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Tips for surviving a winter power outage

Power outages can cause issues with communication, prevent the use of medical devices, impact access to water and cause food to spoil.

VIRGINIA, USA — A winter storm hit the DMV Monday, causing hundreds of thousands of customers to lose power. As of 9 a.m. Thursday, Dominion Energy reported more than 55,000 customers without power. PEPCO appears to have outages under control, with few customers still affected.

On Thursday between 10 a.m. to 4 p.m., Dominion is sending out solar-powered mobile charging units for those still impacted by power outages to recharge devices. They added that a limited supply of bottled water and non-perishable food items will also be available. The resources are for anyone who needs them; you do not need to be a local resident or a Dominion Energy customer.

"We urge those without power to take advantage of this opportunity to charge their devices, especially in preparation for the anticipated additional winter weather tomorrow evening," they said in a statement.

Customers can find the units at two locations:

Town of Louisa Food Lion, 501 E Main Street, Louisa, VA

Pantops Giant, 1900 Abbey Road, Charlottesville, VA

A power outage can be caused by a myriad of things but it is important to be as prepared as you possibly can, especially during severe weather. Extended power outages can impact everyone from a home to an entire community. It can cause issues with communication, prevent the use of medical devices, impact access to water and cause food to spoil while grocery stores may be closed. 

Below we have compiled a list of tips and tricks for you to use to survive a power outage during a winter storm from the CDC, Dominion Energy and Ready.Gov, a national public service campaign designed to educate the American people to prepare for natural and man-made disasters.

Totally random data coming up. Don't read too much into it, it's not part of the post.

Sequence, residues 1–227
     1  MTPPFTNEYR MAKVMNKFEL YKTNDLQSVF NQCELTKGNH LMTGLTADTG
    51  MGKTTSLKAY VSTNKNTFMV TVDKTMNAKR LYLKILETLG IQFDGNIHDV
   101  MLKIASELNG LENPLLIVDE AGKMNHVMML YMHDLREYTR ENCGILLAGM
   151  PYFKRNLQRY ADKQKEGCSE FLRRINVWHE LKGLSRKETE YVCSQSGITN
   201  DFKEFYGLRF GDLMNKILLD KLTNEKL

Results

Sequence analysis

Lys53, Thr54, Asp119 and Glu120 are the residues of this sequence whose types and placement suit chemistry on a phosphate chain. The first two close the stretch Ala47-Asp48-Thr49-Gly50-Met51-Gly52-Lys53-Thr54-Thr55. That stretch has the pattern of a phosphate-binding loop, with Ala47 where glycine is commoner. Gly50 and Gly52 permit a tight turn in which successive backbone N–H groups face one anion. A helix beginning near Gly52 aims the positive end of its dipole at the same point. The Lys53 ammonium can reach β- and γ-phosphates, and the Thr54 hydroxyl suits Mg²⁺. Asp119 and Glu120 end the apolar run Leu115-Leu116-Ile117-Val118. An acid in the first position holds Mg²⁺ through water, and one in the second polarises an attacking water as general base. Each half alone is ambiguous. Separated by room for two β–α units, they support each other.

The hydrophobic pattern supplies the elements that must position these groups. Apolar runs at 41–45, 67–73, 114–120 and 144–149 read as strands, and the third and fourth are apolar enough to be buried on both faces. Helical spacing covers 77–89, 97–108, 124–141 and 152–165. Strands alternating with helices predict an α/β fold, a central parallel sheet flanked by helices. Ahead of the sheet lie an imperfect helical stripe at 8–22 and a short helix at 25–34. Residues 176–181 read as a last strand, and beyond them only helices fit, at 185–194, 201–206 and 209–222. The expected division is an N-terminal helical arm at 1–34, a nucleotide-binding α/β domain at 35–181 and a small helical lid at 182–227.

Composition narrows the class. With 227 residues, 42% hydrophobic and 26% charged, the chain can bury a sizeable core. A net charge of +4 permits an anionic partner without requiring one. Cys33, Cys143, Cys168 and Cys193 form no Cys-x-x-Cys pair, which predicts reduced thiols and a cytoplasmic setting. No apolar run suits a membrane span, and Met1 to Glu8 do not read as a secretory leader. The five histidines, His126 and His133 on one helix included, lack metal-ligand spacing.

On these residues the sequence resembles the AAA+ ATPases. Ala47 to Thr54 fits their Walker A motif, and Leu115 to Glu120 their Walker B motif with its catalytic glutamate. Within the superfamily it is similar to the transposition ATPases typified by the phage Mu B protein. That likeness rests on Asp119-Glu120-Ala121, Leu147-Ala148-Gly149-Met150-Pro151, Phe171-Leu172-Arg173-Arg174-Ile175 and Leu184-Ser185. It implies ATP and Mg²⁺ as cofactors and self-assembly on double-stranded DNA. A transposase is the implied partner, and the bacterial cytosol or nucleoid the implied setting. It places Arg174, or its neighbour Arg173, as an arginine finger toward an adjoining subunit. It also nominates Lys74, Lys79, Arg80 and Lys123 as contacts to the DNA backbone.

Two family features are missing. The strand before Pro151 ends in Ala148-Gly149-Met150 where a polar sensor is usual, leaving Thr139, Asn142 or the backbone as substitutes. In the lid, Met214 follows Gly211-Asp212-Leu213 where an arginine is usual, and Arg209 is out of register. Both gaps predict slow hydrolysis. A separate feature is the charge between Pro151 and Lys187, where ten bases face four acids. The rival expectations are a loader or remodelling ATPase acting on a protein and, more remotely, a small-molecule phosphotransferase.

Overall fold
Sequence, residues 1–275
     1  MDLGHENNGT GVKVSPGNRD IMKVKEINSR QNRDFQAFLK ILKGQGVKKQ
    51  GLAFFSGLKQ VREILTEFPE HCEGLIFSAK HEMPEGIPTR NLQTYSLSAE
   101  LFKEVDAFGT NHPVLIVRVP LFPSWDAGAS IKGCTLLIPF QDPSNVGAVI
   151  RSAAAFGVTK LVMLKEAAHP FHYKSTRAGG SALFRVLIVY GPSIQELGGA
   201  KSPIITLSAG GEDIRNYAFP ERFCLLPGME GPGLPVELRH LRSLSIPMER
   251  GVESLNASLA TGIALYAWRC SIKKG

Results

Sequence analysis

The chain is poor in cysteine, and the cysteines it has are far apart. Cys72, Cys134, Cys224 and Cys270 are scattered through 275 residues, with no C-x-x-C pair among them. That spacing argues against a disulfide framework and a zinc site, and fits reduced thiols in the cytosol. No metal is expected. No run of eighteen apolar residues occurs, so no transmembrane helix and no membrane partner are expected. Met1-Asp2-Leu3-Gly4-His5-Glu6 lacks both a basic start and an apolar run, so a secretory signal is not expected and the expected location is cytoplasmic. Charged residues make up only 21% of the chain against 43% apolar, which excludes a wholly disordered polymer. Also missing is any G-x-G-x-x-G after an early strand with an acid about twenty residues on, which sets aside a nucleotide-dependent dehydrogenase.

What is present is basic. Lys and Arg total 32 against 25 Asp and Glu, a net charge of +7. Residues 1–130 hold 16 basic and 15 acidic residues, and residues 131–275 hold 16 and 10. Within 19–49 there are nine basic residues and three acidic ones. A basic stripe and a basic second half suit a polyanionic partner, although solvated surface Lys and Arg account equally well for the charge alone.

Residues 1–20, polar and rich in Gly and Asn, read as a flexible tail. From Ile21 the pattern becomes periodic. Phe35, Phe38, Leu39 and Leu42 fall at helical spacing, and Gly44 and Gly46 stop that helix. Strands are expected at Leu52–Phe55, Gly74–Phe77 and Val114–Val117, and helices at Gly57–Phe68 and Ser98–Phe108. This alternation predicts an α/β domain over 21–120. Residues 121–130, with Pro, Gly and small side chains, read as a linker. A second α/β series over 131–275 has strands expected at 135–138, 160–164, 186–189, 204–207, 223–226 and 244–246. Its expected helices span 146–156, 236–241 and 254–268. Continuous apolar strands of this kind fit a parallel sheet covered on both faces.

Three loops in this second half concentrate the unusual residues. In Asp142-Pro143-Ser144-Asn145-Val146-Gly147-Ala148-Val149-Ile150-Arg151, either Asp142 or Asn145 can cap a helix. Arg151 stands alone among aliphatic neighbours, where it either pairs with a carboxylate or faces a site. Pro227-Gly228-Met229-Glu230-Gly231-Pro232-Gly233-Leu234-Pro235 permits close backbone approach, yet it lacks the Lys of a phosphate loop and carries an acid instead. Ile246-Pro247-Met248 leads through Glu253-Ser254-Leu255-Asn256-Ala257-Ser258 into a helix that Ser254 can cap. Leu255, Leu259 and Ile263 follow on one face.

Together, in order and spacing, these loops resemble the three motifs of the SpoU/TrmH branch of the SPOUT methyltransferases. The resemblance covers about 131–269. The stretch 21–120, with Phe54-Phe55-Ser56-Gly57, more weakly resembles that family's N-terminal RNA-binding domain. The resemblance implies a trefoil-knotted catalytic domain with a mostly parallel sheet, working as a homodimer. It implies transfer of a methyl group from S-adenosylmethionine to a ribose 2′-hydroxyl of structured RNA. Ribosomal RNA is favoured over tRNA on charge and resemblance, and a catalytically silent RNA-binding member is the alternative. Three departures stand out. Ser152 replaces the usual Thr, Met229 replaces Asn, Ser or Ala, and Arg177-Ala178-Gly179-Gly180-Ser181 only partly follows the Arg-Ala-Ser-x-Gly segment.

How to retain the heat you already have

When the power goes out, there goes your home's central air and heat. So how do you make sure you retain the heat that is already in your home? 

One suggestion is to prep for power outages by using weatherstrip doors and windows. Weatherstripping supplies can usually be found at your local hardware store. Lowe's Hardware also has an in-depth instruction manual on how to weatherize your home.

If your home gets too cold, look into any community locations with power near you. 

Generator and Natural gas appliances 

Dominion Energy says residents should not connect any portable generators to a home's electrical system. 

"Always use caution when operating a portable generator and be sure it is properly grounded before use," the Dominion Energy website reads. "Improper use can injure electrical utility workers as a result of 'feedback' to the electrical distribution systems." 

Under no circumstances should you ever bring a generator into your home in order to create heat. Odorless and colorless carbon monoxide gas from gas-fueled heaters and generators can build up, resulting in injuries or even death.

Ready.Gov suggests installing carbon monoxide detectors with battery backup in central locations on every level of your home.